Fiio KA3 USB Audio Adapter Review

Audiophiles have become pretty familiar with a good number of Fiio’s selection of DAC amps, from the BTR3K to the popular BTR5. Recently, they announced a collaboration with their subsidiary Jade Audio to create a new USB DAC adapter for laptops and smartphones, the KA3 for $89.99. Let’s see what Fiio and Jade Audio have in store for us this time.

Fiio items

What You Get

  • KA3 DAC
  • USB Type C to Type C cable
  • USB-A Adapter
  • Quick Start Guide

Fiio headphone jacks


Taking an initial look at the KA3, I could tell that it was going to have one of the better builds out of any DAC adapter. Especially for this price, the KA3’s solid metal construction is quite unique. Its rigid design and black finish give the adapter a more premium feel than you standard plastic constructions you’re used to seeing with this kind of device. Although I would have preferred it came with one, the detachable type C cable leaves room to use other options with type c including type c to lightning. 3.5mm and 4.4mm balanced headphone inputs are supported.

Fiio Front


Inside of the KA3 is an E59038Q2M chipset which is a flagship DAC capable of achieving DSD512 34bit/784kHz. It uses an RGB light indicator that tells you what current sample rate you’re in.

blue – 48kHz and below sampling rate
yellow – 48kHz and above sampling rate
green – DSD

Fiio cable USB


When I first started listening to the KA3, my first immediate impression was the spread it produces within the soundstage of each set of headphones I tested. There was still linearity to most tracks I listened to, but the width definitely felt expanded. The left and right channels appear to leak into a more open-air sound field, even listening to some closed-back headphones. I spent a lot of time testing the KA3 with the Sivga SV021, and the imaging felt like two spheres in the hard left and right with a flatter middle portion. The effect this has makes separation appear naturally throughout the sound signature, articulating layers with accuracy. These elements appear a lot more forward in certain mixes, where the spatial imaging appears closer to you, but not too inward.

Low End  

The bass here is tight and gripping, offering a lively punch the has a buttery smooth tone. With the KA3, the transient response of the low-end feels quick, letting you get just enough impact and detail from the mid-bass before it reserves itself. It’s a pleasant timbre but won’t make the bass stick out aside from its clean balance and quickness. Listening to the Audio Technica M50x with the KA3, some sub-bass frequencies bloomed, but not with much drive. This faint tone added fullness to the frequency response but I didn’t hear that much more depth in this region.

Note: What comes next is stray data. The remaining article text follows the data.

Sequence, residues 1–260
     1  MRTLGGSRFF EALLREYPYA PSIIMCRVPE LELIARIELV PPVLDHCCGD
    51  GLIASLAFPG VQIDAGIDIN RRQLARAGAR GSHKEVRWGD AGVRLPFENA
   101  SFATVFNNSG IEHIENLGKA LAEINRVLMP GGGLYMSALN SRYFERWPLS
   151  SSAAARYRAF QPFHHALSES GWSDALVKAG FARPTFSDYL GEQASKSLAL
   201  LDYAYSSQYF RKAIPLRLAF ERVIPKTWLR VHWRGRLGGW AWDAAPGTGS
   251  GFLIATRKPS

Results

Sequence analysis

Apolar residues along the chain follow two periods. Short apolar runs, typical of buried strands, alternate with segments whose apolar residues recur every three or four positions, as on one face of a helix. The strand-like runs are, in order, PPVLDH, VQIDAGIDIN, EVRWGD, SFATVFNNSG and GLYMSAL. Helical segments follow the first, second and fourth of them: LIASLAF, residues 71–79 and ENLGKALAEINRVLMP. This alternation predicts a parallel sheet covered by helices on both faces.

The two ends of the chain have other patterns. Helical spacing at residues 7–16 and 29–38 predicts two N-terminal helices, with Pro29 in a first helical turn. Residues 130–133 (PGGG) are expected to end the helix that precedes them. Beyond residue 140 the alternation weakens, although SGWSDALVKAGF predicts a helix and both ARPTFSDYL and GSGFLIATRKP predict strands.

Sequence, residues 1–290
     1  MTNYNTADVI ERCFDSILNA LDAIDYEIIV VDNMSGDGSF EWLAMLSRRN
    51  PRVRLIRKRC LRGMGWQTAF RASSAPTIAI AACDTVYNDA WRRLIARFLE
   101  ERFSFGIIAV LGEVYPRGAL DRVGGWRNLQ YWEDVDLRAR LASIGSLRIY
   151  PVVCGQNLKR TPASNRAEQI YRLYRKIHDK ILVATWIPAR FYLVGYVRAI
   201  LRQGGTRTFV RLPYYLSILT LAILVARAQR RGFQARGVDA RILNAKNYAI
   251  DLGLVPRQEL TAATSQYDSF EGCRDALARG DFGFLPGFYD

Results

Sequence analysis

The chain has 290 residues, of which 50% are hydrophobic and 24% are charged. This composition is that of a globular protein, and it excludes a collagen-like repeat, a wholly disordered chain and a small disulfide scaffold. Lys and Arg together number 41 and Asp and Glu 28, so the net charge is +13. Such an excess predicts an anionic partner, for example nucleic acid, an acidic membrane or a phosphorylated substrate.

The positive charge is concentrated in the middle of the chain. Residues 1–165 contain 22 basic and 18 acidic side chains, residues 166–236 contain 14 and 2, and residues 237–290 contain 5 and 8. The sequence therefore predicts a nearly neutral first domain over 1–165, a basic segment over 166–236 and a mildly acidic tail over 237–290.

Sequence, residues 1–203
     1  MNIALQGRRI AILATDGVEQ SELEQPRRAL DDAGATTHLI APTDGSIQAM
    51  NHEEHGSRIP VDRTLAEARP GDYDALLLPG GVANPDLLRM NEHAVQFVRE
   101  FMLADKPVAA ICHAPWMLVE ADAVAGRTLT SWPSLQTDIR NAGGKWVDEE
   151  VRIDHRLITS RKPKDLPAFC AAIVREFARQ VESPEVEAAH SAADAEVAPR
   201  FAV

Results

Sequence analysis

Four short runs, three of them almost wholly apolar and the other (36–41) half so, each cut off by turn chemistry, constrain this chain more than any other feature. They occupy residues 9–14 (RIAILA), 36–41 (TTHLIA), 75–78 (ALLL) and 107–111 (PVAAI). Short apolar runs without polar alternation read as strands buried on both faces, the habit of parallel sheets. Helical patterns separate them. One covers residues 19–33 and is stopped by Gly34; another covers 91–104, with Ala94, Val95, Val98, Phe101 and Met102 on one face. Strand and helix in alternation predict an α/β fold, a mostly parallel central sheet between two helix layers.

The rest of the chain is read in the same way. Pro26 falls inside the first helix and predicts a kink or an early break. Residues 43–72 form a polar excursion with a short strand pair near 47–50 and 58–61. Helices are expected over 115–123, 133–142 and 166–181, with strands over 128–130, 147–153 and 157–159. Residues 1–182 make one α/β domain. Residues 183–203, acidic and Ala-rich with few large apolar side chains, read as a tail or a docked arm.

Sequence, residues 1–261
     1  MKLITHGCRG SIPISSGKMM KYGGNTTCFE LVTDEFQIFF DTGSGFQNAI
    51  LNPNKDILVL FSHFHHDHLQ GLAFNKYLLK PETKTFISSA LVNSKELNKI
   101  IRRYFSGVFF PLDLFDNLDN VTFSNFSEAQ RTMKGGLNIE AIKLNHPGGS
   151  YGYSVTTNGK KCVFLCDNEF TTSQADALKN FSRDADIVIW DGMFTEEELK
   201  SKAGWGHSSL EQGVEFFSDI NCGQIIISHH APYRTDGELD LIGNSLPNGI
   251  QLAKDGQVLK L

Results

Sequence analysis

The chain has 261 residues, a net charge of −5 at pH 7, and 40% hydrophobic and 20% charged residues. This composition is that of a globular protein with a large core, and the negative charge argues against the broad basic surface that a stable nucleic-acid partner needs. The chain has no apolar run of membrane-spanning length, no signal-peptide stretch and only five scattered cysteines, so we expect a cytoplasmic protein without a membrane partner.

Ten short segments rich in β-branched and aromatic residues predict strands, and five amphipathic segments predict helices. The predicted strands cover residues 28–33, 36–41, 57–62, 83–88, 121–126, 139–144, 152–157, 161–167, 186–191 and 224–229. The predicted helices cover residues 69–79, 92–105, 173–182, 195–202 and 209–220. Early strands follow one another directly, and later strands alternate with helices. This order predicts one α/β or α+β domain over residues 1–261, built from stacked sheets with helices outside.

Smoothness in the bass frequencies also resonates in the midrange as well, culminating in a fantastically lifelike performance. I felt like the KA3 pushed a lot of the mids forward like they were trying to show off how crisp the response is. Vocals are unsurprisingly the big standout here, appearing in a very direct manner with every little detail on full display. The performance feels like it’s directly in your face at times, which is further expanded by the KA3’s upper midrange accentuation that really brings out the texture in some performances. It’s an incredible pure response that is hard to match with any other DAC adapter in this price range.


Aside from the KA3’s great width, the other element that immediately stuck out to me was the brightness of the highs.  The KA3 adds a significant bite to its treble that not all will find easy to take in, and at first, I didn’t either. The highs immediately pierced my ears as soon as I started using the DAC with the Moondrop A8, so much so that I couldn’t listen to them for too long before I found them to be too harsh. Switching to another IEM like the Ikko OH10 gave me a considerably better result, but still kept that bright timbre. I started to come around to it the more I tested the KA3 with different headphones, but it still won’t be the response some might be looking for.


For the price, the KA3 seems like a no-brainer for those looking for a simple DAC dongle for their smartphones or laptops. It might possess a few sonic characteristics that some might find troublesome, but if you can get past those aspects then the KA3 will add a lot to your tracks. The crisp and meaty midrange is definitely its biggest standout, as well as its solid build quality and parts. At $89.99 you’re not going to want to miss out on it.

Pros  Cons
  • Metal build
  • High sample rate with lossless
  • Wide soundstage
  • Crisp midrange
  • Price 
  • Piercing treble 
  • No lightning cable 

The Fiio KA3 is available at Audio46.

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Alex S. is a sound designer and voice-over artist who has worked in film, commercials, and podcasts. He loves horror movies and emo music.